Abloh, who founded label Off-White, was known for mixing streetwear with high-end suits and gowns while at Vuitton. His influences included graffiti art and hip hop.
“Everyone here is going to be talking about Virgil, everyone here has been impacted by his brilliance,” actor Gabrielle Union said.
At the awards, where Abloh’s photo was projected on stage, the designer was among 15 individuals and brands named leaders of change for their actions in the past year helping the environment, people and creativity.
Others on the list included Balenciaga designer Demna Gvasalia, Gucci creative director Alessandro Michele, and Kim Jones, artistic director for Fendi womenswear and couture as well as menswear designer at Dior. Jones was also named designer of the year at the awards.
Michele also won the trailblazer award, while Hilfiger received the outstanding achievement award.
“I’m absolutely grateful, appreciative, humbled by it, but happy to be here and happy to still keep the business rolling,” Hilfiger, 70, said.
Demi Moore, Priyanka Chopra Jonas and Dua Lipa were among the celebrity guests attending the event, a fundraiser for British Fashion Council charities.
(Reporting by Hanna Rantala and Marie-Louise Gumuchian; Editing by Karishma Singh)
Bank of Canada to work with Indigenous groups on reconciliation
The Bank of Canada will work with Indigenous groups to understand the wounds caused by decades of discrimination and determine how reconciliation can create a more inclusive and prosperous economy for all, Governor Tiff Macklem said on Monday.
Macklem, opening a symposium on Indigenous economies, said Canadians could work to correct some of the consequences of those “ugly periods.”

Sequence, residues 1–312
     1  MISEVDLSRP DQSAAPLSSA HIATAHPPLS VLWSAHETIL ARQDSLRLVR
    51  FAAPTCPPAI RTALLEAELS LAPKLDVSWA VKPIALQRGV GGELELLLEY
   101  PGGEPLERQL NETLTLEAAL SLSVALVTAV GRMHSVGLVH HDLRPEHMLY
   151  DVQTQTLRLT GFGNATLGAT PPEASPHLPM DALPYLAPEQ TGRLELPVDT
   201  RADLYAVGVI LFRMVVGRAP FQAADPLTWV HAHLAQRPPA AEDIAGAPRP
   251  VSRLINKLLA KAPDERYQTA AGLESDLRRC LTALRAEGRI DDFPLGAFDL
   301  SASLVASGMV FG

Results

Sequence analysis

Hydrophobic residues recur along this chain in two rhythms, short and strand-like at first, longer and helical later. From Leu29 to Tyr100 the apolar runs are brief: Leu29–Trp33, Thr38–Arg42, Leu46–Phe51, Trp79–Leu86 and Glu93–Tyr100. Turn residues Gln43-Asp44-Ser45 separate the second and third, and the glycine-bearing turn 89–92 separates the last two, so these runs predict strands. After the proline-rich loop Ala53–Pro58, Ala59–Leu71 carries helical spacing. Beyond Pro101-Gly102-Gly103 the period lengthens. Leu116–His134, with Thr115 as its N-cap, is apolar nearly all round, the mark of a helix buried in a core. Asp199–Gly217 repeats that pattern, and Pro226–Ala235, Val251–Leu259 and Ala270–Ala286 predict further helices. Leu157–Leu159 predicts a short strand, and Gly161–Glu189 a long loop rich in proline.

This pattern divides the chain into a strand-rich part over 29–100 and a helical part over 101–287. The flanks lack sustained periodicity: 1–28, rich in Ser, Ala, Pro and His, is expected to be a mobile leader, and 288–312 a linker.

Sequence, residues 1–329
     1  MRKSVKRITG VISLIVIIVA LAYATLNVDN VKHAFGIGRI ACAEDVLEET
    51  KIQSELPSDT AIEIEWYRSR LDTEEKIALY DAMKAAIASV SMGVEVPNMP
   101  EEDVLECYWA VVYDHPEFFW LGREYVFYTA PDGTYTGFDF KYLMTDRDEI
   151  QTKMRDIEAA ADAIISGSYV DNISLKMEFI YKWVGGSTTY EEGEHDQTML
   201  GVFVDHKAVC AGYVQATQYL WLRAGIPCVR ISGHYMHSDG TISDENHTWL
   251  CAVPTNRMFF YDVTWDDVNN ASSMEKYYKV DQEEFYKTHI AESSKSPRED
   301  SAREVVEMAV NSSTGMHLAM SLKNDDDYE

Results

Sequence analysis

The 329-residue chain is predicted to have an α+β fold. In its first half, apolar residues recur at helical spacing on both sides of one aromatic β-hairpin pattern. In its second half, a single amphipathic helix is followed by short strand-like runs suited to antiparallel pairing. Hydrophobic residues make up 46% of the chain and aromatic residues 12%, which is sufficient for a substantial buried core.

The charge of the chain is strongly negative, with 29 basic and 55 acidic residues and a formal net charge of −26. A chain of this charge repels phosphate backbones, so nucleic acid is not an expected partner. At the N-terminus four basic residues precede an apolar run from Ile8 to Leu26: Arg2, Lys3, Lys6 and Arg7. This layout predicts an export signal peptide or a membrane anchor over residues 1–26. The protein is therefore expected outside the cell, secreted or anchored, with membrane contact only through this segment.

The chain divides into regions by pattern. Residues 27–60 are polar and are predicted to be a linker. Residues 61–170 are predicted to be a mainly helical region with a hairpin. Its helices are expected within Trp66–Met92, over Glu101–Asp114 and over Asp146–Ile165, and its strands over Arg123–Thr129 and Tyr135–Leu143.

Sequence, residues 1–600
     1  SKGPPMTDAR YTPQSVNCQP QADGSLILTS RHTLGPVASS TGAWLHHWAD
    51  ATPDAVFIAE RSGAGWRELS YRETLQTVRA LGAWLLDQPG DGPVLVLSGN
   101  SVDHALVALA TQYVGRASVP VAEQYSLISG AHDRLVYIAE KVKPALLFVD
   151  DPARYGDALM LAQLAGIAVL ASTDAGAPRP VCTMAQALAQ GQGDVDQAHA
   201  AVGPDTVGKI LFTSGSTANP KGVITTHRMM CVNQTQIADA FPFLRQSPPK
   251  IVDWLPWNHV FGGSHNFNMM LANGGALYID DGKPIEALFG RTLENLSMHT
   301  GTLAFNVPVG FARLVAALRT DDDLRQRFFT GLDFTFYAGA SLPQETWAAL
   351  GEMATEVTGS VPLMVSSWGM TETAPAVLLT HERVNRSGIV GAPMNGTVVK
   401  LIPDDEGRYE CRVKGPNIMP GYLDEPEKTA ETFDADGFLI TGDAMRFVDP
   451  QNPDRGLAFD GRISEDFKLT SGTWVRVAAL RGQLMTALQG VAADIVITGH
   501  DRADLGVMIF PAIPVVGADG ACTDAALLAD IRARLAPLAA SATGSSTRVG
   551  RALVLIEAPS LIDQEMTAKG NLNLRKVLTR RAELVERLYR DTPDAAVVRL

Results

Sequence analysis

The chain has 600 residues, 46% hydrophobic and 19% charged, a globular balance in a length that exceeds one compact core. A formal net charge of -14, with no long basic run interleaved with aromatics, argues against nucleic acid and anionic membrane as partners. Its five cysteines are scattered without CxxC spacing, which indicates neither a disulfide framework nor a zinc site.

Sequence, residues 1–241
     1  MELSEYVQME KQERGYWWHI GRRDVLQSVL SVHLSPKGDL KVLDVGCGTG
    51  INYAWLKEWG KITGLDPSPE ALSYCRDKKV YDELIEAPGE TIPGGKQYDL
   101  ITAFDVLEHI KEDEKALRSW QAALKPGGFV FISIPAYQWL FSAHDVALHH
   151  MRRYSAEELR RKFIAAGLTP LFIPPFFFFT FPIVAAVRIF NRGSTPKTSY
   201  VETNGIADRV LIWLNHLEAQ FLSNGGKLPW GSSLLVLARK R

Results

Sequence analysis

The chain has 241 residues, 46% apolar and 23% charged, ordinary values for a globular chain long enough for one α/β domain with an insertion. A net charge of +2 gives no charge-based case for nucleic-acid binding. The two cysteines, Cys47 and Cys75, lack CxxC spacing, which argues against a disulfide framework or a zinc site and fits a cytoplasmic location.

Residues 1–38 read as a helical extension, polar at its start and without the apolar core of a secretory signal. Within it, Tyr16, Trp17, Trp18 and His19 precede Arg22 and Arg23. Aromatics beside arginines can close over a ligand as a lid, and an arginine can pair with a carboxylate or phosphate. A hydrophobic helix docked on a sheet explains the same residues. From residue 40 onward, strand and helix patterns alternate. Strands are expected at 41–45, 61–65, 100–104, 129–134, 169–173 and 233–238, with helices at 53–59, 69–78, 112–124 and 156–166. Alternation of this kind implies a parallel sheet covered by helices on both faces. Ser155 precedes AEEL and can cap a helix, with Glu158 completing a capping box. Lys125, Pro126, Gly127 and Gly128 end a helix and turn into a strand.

Ottawa forcibly removed thousands of Indigenous children from their communities and put them in residential schools in an effort to strip them of their language and culture, a practice that continues to scar families and individuals.
“The Bank of Canada will be working with a broad spectrum of Indigenous groups to set out what reconciliation means for what we do,” Macklem said.
“Together, we’ll define what reconciliation means for the work of the Bank of Canada — toward a more inclusive and prosperous economy for everyone,” he said.
Canada‘s Truth and Reconciliation Commission called the residential school system “cultural genocide” in 2015, as it set out 94 “calls to action” to try to restore Canada‘s relationship with its Indigenous people, including economic reconciliation.
“We can’t go back and change what’s happened. But we can try to correct some of the consequences,” said Macklem, adding that it is the central bank’s job to create conditions for opportunity for all Canadians.
“Taking concrete steps toward economic reconciliation is our responsibility too. And it’s incumbent upon us to take the time to do this well,” said Macklem.
(Reporting by Julie Gordon in Ottawa; Editing by Dan Grebler)
Canada’s Trans Mountain still ‘days away’ from restarting pipeline
Canada‘s Trans Mountain said on Monday it was “still days away” from restarting the key oil pipeline at a reduced capacity as heavy rains continue to impede restoration efforts.
The pipeline, owned by the Canadian government, ships 300,000 barrels a day of crude and refined products from Alberta to the Pacific Coast. It was temporarily shut down as heavy rains and flooding caused widespread disruption in parts of British Columbia.
The operator said assessments of the impacts from the latest storm are being undertaken with a focus on the Coldwater and Coquihalla regions.
Work was interrupted at some sites on Sunday due to high water accumulation or lack of access, the company added.
The company on Friday had said it was working toward restarting the oil pipeline at a reduced capacity this week.
(Reporting by Rithika Krishna in Bengaluru; Editing by Amy Caren Daniel and Krishna Chandra Eluri)